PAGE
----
In the previous chapters we have been dealing with theoretical, physical and numerical aspects of wave modelling, and the WAM model in particular. It is now time to face practical problems and to turn to applications. The WAM model is one of the most widely used wave models in the world, both for forecasting and hindcasting on global and regional scales. There is therefore a wealth of applications and experience which can be used to discuss and to judge the behaviour of the model.
The purpose of applications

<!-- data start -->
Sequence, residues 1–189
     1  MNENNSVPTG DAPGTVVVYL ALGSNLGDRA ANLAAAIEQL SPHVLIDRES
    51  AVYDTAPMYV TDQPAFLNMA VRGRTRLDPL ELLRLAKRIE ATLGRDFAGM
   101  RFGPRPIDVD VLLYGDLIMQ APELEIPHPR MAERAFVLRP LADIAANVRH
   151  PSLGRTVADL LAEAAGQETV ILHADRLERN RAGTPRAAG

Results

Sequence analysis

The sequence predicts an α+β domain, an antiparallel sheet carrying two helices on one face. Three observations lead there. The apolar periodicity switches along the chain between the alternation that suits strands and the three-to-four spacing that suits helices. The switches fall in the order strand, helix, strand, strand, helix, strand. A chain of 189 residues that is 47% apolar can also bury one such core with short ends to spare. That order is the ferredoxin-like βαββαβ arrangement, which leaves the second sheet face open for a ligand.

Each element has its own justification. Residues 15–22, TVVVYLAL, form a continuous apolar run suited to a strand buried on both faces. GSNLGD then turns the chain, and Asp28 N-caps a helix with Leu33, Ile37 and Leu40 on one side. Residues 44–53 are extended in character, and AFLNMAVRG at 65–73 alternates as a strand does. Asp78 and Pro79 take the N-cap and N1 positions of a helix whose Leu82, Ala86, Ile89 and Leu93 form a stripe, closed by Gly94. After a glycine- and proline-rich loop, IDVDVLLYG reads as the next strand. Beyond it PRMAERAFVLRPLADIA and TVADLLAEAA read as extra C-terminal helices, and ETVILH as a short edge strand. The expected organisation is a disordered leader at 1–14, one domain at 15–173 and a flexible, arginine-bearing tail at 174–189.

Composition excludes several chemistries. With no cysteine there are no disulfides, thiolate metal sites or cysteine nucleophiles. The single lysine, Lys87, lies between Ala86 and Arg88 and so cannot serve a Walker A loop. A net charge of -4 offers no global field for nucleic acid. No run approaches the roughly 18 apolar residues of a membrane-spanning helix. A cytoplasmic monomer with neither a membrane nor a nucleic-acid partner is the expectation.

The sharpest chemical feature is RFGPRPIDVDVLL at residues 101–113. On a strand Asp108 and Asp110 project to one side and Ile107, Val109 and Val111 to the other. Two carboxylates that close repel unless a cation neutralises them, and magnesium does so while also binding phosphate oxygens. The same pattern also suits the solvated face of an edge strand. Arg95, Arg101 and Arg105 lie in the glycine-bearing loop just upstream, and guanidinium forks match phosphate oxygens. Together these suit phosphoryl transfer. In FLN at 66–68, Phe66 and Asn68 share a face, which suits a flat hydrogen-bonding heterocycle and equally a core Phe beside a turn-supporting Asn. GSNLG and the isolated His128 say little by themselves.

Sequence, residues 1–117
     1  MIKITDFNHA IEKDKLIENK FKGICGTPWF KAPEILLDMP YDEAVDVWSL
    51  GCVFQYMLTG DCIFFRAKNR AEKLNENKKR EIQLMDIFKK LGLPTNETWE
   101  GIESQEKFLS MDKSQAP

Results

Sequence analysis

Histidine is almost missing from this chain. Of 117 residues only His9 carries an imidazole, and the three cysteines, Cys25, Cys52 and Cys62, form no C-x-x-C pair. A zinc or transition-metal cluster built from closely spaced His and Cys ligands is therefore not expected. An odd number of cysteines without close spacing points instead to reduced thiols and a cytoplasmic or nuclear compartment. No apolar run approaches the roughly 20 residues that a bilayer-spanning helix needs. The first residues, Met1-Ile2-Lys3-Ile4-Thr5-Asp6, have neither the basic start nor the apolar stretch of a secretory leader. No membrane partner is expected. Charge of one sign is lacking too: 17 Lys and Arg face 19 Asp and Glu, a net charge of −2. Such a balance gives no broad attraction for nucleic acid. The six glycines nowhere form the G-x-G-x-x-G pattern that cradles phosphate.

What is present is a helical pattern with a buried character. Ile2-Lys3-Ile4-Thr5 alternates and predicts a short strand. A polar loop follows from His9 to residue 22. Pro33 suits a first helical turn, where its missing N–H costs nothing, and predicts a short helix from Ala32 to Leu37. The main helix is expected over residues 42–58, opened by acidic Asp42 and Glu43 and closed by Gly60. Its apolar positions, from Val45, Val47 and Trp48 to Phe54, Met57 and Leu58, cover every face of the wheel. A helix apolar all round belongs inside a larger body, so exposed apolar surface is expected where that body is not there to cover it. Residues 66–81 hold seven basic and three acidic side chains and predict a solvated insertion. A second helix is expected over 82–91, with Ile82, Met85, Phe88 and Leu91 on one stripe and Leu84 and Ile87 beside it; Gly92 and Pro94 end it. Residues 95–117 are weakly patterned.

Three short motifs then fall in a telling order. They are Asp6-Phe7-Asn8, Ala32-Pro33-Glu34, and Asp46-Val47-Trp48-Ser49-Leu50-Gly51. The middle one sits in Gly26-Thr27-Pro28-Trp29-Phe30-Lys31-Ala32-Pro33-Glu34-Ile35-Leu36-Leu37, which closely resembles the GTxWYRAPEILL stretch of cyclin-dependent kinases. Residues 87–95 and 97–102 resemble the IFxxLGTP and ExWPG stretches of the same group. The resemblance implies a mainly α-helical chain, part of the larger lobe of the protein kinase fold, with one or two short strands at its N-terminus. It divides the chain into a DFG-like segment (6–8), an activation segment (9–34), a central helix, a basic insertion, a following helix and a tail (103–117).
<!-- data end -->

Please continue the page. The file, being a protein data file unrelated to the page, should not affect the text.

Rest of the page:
Model applications serve two purposes: a practical one and a scientific one. In practical applications the model is accepted as a reliable tool. As such it can be used either in real-time, to forecast sea conditions for ship routing, offshore operations and for coastal protection, or in a hindcasting mode for computation of the sea state during a particular event and to determine wave climatology and extremal statistics. For scientific purposes, once properly verified, the model is, within the limits derived from its formulation, a representation of the real world. It can therefore be used for numerical experiments to simulate field experiments under conditions that would be difficult to find or expensive to organize. The model is a tool for the better understanding of the relevant phenomena and how they interact. It can also be used to study the sensitivity of the results to a change in the input conditions.